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Jakarta, 31st March 2021. A new Greenpeace Indonesia report, Restoration Up in Smoke: Losing the Battle to Protect Peatlands, identifies major contradictions in the Indonesian government’s claims to meet its peatland restoration targets. Greenpeace analysis shows that repeated fires have occurred in the priority peatland restoration areas. Findings also show the presence of licensed palm oil and pulpwood plantations, coupled with new licenses on peatlands and in the areas designated for restoration. Greenpeace debunks the government’s peat restoration claims and reveals the systemic failures to deliver on peatland protection measures.

After disastrous fires in 2015 the Indonesian government made commitments to restore and prevent further degradation of peatlands. At the end of 2018 the government claimed the first term of the peatlands restoration program had surpassed its target and by the end of 2020 the government deemed the program a success. All the while fires remain an annual occurrence in Indonesia, with the 2019 catastrophic fires matching the scale of destruction of the 2015 fires.

Peatlands hold more than 21 percent of global soil carbon, and Indonesia holds a significant percentage of the world’s tropical peatland carbon stocks. Protecting this vital ecosystem is critical to tackling the climate crisis. The use of land for large scale palm oil and pulpwood plantations has brought nearly one third of the Peatland Hydrological Units (PHUs) in seven peat restoration priority provinces to critical levels of degradation and to a point where the damage is irreversible. [1]

Fires continue to devastate peatlands and risk further degradation of peatland target areas for restoration. Between 2016-2019, around 936,000 hectares—more than twice the size of Rhode Island—of peat burned in the PHUs, in the restoration priority areas.[2]  Between 2016 and 2019, the government launched a Peat Rewetting Infrastructure program to prevent fires, however in 2019 around 165,000 hectares in four Central Kalimantan PHU. [3] Large fires occurred in 220 of 520 individual PHUs whose areas contained palm oil and pulpwood concessions. [4] Conversely, forest fires were less common in areas without concession permits and drainage canals.

“The presence of large-scale plantations has greatly limited peat restoration attempts. The government needs to take real action in protecting peatlands by closing loopholes and strengthening enforcement of peatland protection and restoration regulations. Leaving companies to restore their own concessions has not yielded any significant results,” said Rusmadya Maharuddin, Team Leader of the Greenpeace Indonesia Forest Campaign.

The findings underscore the importance of protecting carbon rich peat landscapes as it balances water levels across the entire landscape, minimizing flood risks and mitigating climate change. Peat domes store water, wet dry areas and keep land low during the dry season. This all helps to reduce the risk of fires spreading across the wider peat landscape. When humans drain peatlands for large scale plantations the functionality of the water storage is immediately imparied. This is contributing to peat degradation and increasing vulnerability to catastrophic fires that are fueling the climate crisis.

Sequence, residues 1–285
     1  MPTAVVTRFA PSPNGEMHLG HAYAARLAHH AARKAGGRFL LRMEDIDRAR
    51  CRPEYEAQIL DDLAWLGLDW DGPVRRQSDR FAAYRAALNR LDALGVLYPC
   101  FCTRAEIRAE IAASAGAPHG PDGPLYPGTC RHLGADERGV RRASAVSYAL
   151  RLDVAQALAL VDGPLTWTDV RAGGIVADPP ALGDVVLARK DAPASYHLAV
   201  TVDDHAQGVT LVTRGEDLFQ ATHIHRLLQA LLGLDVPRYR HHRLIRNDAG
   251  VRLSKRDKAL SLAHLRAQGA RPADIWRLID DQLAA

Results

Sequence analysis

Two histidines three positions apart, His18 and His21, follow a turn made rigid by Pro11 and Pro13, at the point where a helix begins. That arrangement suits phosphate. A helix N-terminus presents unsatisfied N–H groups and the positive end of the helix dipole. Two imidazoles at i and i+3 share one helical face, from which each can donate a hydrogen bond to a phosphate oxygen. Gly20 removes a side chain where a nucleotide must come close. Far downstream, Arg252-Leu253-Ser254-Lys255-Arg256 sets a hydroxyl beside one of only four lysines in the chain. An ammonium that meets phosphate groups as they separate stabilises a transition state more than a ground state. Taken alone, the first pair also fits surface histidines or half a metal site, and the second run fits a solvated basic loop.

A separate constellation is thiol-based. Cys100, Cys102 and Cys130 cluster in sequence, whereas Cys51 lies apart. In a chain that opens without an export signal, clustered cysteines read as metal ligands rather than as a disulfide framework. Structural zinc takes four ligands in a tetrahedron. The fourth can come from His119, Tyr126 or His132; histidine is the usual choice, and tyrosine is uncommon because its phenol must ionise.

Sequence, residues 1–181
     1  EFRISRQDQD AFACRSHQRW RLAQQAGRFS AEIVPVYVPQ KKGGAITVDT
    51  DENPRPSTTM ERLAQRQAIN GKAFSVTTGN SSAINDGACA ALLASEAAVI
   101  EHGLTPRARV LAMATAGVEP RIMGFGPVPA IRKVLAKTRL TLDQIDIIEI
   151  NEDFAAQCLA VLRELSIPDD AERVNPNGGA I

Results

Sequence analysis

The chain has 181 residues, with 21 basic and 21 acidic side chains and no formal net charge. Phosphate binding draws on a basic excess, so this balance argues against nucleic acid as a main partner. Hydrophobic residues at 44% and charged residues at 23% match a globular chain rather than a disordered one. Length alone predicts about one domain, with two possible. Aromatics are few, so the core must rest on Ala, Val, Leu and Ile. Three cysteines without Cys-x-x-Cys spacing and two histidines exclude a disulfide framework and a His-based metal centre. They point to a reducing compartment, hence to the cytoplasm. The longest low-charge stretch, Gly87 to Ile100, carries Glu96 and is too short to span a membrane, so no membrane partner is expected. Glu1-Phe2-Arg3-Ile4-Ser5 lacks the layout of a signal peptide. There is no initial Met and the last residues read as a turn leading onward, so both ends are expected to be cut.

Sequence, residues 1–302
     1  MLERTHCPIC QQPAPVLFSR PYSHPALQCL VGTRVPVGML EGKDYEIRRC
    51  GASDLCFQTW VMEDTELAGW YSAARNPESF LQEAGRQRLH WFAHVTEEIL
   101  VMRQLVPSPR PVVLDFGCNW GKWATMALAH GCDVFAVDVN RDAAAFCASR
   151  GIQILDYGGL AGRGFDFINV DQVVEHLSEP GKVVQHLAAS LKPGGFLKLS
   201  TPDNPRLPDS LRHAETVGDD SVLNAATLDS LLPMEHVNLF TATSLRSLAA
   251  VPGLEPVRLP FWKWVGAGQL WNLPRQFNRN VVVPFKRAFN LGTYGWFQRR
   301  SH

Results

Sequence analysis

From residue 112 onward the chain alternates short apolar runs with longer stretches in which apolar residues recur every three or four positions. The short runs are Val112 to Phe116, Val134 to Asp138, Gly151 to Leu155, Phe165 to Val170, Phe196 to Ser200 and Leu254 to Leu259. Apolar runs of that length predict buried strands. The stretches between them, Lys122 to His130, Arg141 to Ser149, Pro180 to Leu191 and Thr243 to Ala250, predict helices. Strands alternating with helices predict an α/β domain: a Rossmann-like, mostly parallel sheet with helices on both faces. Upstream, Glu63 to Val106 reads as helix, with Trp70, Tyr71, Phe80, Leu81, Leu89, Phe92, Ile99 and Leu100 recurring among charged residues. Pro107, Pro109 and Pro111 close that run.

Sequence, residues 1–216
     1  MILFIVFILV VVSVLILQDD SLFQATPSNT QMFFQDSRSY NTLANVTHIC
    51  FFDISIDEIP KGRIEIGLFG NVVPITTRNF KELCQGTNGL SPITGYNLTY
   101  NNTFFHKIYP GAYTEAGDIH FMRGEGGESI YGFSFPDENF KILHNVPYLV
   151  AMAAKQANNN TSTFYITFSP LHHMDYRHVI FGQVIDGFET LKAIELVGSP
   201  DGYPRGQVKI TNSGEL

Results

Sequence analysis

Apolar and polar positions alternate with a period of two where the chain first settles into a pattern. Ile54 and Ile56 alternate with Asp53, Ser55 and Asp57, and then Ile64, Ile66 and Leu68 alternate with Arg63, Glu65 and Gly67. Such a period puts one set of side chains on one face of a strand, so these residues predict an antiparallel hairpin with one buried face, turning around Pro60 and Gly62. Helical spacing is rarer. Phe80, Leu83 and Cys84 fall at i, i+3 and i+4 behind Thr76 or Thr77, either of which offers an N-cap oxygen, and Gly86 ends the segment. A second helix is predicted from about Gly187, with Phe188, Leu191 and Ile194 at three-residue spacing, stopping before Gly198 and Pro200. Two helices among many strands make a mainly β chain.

“Five years of government attempts to protect and restore peat ecosystems in a piecemeal fashion has shown us that this approach is ineffective. The only way to truly save climate critical  peatlands is to protect the peat hydrology unit as a whole and to ensure that all peatlands are off-limits to any form of exploitation. Indonesia will only achieve the emissions reductions it  committed to in the Paris Agreement if it succeeds in protecting and restoring peatland,” Rusmadya asserted.

Link to the report: “Restoration Up in Smoke: Losing the Battle to Protect Peatlands”


Notes :

[1] Restoration Up in Smoke: Losing the Battle to Protect Peatlands

[2] Greenpeace’s spatial analysis of the Ministry of Environment and Forestry (MoEF) burnt area map. Data’s from MoEF : https://geoportal.menlhk.go.id/arcgis/rest/services/KLHK , currently available and published in https://dbgis.menlhk.go.id/arcgis/rest/services.

[3] An example of a case that occurred in the Kahayan river area and the Sebangau river PHU in Central Kalimantan has built 5,321 units of peat rewetting infrastructure. But in 2019, fires still occurred in an area of 72,800 hectares

[4] The concessions is overall cover an area of 6,053,661 hectares in this PHUs with the area burned for 2015-2019 of 1.86 million hectares

Media Contacts:

Rusmadya Maharuddin, Forest Campaigner Greenpeace Indonesia. Tel. 62-813-6542-2373 ; email [email protected]

Rully Yuliardi Achmad, Media Campaigner Greenpeace Indonesia. Tel. 62-811-8334-409 ; email [email protected]